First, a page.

More than once this year, AI experts have say again a familiar refrain: “Please slow down.” AI news in 2022 has been swift and relentless; by the time you knew where things stood with AI, a new paper or discovery would render that understanding obsolete.
In 2022, we have probably reached the curve knee when it comes to generative AI that can produce creative works consisting of text, images, audio, and video. This year, deep learning AI emerged from a decade of research and began to make its way into commercial applications, allowing millions of people to try the technology for the first time. AI creations have inspired wonder, created controversy, caused existential crises and turned heads.
Here’s a look back at the seven biggest AI stories of the year. It was hard to pick just seven, but if we didn’t cut it somewhere, we’d still be writing about this year’s events well into 2023 and beyond.
April: DALL-E 2 dreams in pictures
In April, OpenAI announced DALL-E 2, a deep learning image synthesis model that has blown away its seemingly magical ability to generate images from text prompts. Trained on hundreds of millions of images extracted from the Internet, DALL-E 2 was able to create new combinations of images thanks to a technique called latent diffusion.
Twitter was quickly filled with images of astronauts on horseback, teddy bears wandering around ancient Egypt, and other near-photorealistic works. We last heard about DALL-E a year ago when version 1 of the model had struggled to render a low resolution lawyer’s chair – suddenly version 2 was illustrating our wildest dreams at 1024×1024 resolution.
At first, given concerns about misuse, OpenAI only allowed 200 beta testers to use DALL-E 2. Content filters blocked violent and sexual prompts. Gradually, OpenAI allowed more than one million people to participate in a closed trial, and DALL-E 2 finally became available for everyone at the end of September. But by then, another contender in the world of latent scattering had arisen, as we’ll see below.
July: Google engineer thinks LaMDA is sensitive
In early July, the Washington Post broke news that a Google engineer named Blake Lemoine was put on paid leave because of his belief that Google’s LaMDA (Language Model for Dialogue Applications) was sensitive and deserved equal rights to a human.
While working at Google’s Responsible AI organization, Lemoine began chatting with LaMDA about religion and philosophy and believed he saw some real intelligence behind the text. “I know a person when I talk to them,” Lemoine told the Post. “It doesn’t matter if they have a brain made of meat in their head. Or if they have a billion lines of code. I talk to them. And I hear what they have to say, and that’s how I decide what is and is not a person.”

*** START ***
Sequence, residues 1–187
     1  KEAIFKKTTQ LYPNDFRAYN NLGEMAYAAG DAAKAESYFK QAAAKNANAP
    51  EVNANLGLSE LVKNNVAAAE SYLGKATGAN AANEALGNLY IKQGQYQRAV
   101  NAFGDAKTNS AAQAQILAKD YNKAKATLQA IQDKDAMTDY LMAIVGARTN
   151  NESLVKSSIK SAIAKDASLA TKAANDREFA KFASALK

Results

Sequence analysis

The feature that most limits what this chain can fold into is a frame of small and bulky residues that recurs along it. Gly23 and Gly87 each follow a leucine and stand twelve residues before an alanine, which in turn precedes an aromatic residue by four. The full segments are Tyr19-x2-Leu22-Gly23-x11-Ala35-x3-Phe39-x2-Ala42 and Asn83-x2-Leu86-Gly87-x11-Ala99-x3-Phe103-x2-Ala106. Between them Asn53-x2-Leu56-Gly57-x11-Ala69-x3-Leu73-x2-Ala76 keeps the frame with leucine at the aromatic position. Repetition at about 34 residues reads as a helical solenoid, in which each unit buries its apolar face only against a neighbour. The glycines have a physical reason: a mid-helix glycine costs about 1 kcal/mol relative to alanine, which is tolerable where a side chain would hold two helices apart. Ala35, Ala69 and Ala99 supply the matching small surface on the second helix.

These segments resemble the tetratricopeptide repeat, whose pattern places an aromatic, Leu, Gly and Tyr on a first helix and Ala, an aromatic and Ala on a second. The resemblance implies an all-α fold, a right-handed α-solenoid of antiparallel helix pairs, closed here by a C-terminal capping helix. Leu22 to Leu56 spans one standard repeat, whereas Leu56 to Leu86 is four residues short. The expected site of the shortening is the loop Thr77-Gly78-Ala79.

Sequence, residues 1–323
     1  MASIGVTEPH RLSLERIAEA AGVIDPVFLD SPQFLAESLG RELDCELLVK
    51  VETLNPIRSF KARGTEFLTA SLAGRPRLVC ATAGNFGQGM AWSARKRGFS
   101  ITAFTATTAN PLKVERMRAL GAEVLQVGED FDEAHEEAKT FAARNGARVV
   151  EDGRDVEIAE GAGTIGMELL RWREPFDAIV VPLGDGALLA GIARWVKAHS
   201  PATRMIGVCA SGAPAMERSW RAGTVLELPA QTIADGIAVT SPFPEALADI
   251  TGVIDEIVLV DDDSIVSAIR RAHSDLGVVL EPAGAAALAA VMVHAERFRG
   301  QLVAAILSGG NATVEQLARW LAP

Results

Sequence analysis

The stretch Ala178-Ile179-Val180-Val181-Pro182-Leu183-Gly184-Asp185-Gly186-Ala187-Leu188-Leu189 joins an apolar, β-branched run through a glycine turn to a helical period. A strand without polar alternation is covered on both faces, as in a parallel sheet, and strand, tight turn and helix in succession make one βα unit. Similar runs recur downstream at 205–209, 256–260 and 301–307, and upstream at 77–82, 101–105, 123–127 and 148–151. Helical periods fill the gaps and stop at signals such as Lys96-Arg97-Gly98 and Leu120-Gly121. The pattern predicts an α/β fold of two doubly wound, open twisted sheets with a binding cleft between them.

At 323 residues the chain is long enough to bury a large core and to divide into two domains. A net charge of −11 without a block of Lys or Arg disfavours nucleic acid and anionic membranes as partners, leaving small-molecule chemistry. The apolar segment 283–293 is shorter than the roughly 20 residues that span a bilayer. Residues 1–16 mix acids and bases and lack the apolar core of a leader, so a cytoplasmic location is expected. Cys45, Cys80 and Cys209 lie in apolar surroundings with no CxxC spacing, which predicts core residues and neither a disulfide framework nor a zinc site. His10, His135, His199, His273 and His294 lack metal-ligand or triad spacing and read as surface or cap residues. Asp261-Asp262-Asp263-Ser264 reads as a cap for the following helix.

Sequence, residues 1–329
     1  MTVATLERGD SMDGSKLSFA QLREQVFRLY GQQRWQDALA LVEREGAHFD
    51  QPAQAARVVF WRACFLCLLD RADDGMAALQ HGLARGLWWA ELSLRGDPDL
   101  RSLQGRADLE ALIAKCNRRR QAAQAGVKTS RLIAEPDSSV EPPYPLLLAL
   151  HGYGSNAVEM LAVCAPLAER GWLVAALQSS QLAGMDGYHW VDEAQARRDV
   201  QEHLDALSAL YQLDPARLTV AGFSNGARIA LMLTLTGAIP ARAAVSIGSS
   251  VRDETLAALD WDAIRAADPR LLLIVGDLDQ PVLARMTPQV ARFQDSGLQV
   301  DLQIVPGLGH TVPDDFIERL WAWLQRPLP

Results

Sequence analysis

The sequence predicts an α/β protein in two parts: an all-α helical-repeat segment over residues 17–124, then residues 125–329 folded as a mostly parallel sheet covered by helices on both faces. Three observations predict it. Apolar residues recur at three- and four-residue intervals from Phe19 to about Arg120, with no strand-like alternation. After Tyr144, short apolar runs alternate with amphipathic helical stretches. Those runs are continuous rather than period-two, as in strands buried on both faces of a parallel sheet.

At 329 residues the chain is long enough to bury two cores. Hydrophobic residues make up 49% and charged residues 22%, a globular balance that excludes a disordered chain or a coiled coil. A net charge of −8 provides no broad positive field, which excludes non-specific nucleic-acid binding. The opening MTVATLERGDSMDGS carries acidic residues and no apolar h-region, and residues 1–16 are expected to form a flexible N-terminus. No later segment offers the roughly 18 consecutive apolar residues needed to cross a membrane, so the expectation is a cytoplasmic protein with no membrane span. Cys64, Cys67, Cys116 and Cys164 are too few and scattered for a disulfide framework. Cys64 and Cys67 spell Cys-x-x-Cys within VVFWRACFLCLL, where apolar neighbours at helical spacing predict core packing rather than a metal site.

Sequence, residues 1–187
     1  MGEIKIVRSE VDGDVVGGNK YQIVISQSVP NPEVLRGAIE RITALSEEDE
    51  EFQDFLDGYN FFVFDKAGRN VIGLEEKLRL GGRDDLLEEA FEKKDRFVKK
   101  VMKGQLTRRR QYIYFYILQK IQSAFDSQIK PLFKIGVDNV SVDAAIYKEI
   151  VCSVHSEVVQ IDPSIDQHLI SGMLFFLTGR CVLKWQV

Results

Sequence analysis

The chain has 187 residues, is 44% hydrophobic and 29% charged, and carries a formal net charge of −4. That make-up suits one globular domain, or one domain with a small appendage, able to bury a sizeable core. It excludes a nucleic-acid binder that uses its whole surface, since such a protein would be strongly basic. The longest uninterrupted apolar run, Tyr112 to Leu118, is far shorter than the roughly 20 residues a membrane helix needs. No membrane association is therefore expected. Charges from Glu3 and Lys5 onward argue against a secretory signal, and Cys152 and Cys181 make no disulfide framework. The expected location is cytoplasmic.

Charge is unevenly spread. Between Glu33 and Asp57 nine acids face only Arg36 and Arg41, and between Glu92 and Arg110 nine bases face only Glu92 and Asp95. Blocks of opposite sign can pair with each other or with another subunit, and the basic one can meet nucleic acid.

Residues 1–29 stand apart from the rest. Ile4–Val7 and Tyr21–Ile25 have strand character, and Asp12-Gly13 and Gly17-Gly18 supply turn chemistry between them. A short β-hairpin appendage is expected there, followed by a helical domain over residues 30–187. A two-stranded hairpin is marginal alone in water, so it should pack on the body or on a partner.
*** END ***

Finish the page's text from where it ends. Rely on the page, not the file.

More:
Google responded that LaMDA was just telling Lemoine what he wanted to hear and that LaMDA was actually not responsive. Like the GPT-3 text generator tool, LaMDA had already been trained on millions of books and websites. He responded to Lemoine’s entry (a prompt, which includes the full text of the conversation) by predicting the most likely words that should follow without any further understanding.
July: DeepMind AlphaFold predicts nearly every known protein structure
In July, DeepMind announcement that his AlphaFold AI model predicted the shape of nearly every protein known to nearly every organism on Earth with a sequenced genome. Originally announced in the summer 2021, AlphaFold previously predicted the shape of all human proteins. But a year later, its protein database has grown to contain more than 200 million protein structures.
DeepMind has made these predicted protein structures available in a public database hosted by the European Molecular Biology Laboratory’s European Institute of Bioinformatics (EMBL-EBI), allowing researchers around the world to access and use the data. for research related to medicine and biology. science.
Proteins are building blocks of life, and knowing their shapes can help scientists control or modify them. This is particularly useful when developing new drugs. “Almost all the drugs that have come to market in recent years have been designed in part through knowledge of protein structures,” said Janet Thornton, Principal Scientist and Director Emeritus at EMBL-EBI. That makes knowing them all a big deal.